Background: fatherhood in the perinatal period can be a time of great excitement, happiness and joy. However, a growing body of literature indicates that fathers are at risk for elevated levels of anxiety symptoms during the perinatal period.
Purpose: the purpose of this systematic review is to determine the prevalence and levels of anxiety in fathers during the perinatal period, identify the risk factors and impact of anxiety, and establish if there are effective interventions that reduce father's anxiety.
Design: Systematic review.
Methods: A systematic review protocol was developed and registered with PROSPERO (reference number: CRD42017073760). The review was guided by the PRISMA reporting process. Electronic databases Medline, CINAHL, Embase, the Cochrane Library, PsycARTICLES, PsycINFO, and Psychology were searched to identify eligible studies. Studies that researched fathers during the perinatal period were included if anxiety was the primary focus of the research or was an outcome or dependent variable. Data were extracted and presented in narrative form including tables and figures.
Findings: Thirty-four studies met the inclusion criteria. Findings from these studies indicate that fathers experience anxiety in the perinatal period, particularly at the time of birth. Anxiety increased from the antenatal period to the time of birth, with a decrease in anxiety from the time of birth to the later postnatal period. The prevalence of anxiety ranged between 3.4% and 25.0% during the antenatal period and 2.4% and 51.0% during the postnatal period. Factors contributing to anxiety included lower education levels, lower income levels, lower co-parenting support, lower social support, work-family conflict, a partner' anxiety and depression, and being present during a previous birth. Anxiety had a negative impact on fathers' mental health, physical health, social relationships and parenting skills. Anxiety contributed to stress, depression, fatigue and lower paternal self-efficacy. Five studies reported on interventions to reduce anxiety and all the studies found that anxiety significantly decreased following the intervention.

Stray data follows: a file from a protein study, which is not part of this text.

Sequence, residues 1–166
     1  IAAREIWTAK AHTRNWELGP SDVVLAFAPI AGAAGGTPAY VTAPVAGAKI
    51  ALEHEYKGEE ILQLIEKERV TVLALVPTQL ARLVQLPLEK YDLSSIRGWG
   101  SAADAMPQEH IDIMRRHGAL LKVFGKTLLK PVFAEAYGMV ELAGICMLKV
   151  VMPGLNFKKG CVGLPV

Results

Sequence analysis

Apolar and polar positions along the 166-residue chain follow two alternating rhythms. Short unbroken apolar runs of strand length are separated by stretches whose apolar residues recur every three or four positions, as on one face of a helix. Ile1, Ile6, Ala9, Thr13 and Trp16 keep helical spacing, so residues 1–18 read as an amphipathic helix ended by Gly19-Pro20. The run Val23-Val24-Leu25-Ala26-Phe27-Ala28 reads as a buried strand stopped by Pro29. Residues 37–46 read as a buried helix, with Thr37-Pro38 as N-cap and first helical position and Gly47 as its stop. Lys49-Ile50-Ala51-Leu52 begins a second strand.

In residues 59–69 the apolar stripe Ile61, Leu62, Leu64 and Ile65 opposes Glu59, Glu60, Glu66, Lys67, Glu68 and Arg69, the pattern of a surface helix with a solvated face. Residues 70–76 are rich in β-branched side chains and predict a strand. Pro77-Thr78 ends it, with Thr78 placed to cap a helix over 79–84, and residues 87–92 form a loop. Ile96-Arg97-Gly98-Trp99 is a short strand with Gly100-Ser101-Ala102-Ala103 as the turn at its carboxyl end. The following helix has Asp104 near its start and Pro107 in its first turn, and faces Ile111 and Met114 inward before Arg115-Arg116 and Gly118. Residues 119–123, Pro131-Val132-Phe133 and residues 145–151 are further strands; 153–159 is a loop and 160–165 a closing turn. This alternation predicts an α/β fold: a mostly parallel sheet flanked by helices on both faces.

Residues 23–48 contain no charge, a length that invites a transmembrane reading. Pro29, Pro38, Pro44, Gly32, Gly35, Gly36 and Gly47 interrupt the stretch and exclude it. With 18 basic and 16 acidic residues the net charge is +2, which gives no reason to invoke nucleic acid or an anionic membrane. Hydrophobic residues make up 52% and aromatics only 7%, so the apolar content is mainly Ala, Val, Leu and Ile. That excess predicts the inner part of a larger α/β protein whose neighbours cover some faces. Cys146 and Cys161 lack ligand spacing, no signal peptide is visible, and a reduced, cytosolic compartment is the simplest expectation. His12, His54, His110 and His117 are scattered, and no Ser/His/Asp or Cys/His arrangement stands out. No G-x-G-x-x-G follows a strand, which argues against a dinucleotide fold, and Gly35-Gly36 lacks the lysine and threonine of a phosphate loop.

Key conclusion: Fathers experience increased anxiety from the antenatal period to the time of birth, with a decrease in anxiety from the time of birth to the later postnatal period. Anxiety during the perinatal period that can impact negatively on fathers physical and mental health, and social relationships. (C) 2019 Elsevier Ltd. All rights reserved.